Music inspired by NASA’s James Webb Space Telescope deepest and sharpest infrared image of the distant universe so far. Affectionately known as Webb’s First Deep Field, this is galaxy cluster SMACS 0723 and it is teeming with thousands of galaxies – including the smallest, faintest objects ever observed.
Webb’s image is approximately the size of a grain of sand held at arm’s length, a tiny sliver of the vast universe. The combined mass of this galaxy cluster acts as a gravitational lens, magnifying more distant galaxies, including some seen when the universe was less than a billion years old. This deep field, taken by Webb’s Near-Infrared Camera (NIRCam), is a composite made from images at different wavelengths, totaling 12.5 hours – achieving depths at infrared wavelengths beyond the Hubble Space Telescope’s deepest fields, which took weeks. And this is only the beginning. Researchers will continue to use Webb to take longer exposures, revealing more of our vast universe.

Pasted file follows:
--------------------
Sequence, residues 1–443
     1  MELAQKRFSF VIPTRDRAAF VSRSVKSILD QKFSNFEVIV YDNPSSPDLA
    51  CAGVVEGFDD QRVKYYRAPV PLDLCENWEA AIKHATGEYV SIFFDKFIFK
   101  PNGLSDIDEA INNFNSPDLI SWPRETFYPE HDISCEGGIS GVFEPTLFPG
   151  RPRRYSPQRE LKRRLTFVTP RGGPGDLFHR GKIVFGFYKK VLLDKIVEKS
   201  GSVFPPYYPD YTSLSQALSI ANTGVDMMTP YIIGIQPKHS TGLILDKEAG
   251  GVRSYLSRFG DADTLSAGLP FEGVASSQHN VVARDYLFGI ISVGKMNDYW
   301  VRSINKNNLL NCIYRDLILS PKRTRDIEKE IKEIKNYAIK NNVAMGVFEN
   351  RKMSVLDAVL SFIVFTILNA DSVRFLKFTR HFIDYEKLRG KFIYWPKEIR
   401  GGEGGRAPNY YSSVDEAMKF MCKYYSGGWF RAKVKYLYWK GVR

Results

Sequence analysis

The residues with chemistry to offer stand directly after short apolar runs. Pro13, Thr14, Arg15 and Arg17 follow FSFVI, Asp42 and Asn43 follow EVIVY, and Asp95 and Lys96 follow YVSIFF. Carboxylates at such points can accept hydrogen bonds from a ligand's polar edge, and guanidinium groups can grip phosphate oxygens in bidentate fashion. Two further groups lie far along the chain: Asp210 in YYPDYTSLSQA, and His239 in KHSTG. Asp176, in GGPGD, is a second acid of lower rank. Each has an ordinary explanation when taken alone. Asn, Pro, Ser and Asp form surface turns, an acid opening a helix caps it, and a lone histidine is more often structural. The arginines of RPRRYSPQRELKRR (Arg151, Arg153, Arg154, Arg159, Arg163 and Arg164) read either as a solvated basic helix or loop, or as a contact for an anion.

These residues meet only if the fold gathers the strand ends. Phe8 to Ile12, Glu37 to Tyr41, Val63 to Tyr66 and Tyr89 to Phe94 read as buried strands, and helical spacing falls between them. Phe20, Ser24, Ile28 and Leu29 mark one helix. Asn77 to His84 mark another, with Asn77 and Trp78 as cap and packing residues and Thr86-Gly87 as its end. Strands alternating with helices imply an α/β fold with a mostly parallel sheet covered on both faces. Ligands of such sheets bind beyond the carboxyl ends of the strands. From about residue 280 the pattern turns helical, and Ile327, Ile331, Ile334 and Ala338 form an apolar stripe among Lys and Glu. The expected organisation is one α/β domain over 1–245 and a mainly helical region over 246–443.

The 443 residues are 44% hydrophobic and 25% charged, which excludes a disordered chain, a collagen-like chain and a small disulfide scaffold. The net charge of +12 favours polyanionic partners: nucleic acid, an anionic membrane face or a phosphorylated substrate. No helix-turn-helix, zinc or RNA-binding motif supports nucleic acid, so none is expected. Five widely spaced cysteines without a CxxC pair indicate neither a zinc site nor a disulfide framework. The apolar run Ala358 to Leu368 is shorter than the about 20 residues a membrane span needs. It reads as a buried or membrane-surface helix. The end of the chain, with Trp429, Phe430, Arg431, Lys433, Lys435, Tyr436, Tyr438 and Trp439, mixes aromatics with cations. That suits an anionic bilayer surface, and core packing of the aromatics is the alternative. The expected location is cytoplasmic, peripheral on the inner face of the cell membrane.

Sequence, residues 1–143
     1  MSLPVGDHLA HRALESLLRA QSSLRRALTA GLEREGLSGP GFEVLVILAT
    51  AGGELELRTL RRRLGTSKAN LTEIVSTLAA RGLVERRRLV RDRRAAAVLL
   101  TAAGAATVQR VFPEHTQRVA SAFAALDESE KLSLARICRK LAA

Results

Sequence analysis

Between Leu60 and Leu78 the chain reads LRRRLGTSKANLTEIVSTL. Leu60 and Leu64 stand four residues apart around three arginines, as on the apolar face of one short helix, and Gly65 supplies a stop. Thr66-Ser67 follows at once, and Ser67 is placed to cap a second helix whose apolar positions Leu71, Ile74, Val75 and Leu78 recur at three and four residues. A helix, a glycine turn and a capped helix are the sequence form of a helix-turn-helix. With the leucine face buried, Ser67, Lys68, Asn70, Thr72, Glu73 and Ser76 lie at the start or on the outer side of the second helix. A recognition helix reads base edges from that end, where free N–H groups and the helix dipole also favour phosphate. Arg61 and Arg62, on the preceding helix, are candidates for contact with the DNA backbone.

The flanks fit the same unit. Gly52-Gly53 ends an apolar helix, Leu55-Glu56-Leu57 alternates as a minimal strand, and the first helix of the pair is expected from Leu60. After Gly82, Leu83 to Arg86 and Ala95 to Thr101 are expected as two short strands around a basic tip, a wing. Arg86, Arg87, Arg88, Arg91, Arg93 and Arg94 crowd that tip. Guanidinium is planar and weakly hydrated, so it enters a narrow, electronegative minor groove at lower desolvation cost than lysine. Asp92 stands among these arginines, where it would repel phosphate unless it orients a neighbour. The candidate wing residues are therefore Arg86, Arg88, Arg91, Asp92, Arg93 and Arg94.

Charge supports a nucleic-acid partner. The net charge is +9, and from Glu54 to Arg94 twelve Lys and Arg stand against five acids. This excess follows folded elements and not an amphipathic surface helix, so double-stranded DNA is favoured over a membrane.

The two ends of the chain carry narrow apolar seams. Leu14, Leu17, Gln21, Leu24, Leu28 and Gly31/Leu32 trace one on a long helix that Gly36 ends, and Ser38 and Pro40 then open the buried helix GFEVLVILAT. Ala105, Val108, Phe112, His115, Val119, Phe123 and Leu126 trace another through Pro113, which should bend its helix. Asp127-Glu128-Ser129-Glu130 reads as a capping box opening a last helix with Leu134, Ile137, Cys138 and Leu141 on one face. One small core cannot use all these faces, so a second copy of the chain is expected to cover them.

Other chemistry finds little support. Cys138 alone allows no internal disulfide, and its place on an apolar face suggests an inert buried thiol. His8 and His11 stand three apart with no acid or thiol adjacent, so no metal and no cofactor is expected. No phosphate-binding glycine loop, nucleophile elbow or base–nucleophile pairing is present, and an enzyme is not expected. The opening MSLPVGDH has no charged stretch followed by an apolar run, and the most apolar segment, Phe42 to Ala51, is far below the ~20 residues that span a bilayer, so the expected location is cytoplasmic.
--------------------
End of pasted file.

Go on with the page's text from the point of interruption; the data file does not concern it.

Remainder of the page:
This image shows the galaxy cluster SMACS 0723 as it appeared 4.6 billion years ago, with many more galaxies in front of and behind the cluster. Much more about this cluster will be revealed as researchers begin digging into Webb’s data. This field was also imaged by Webb’s Mid-Infrared Instrument (MIRI), which observes mid-infrared light.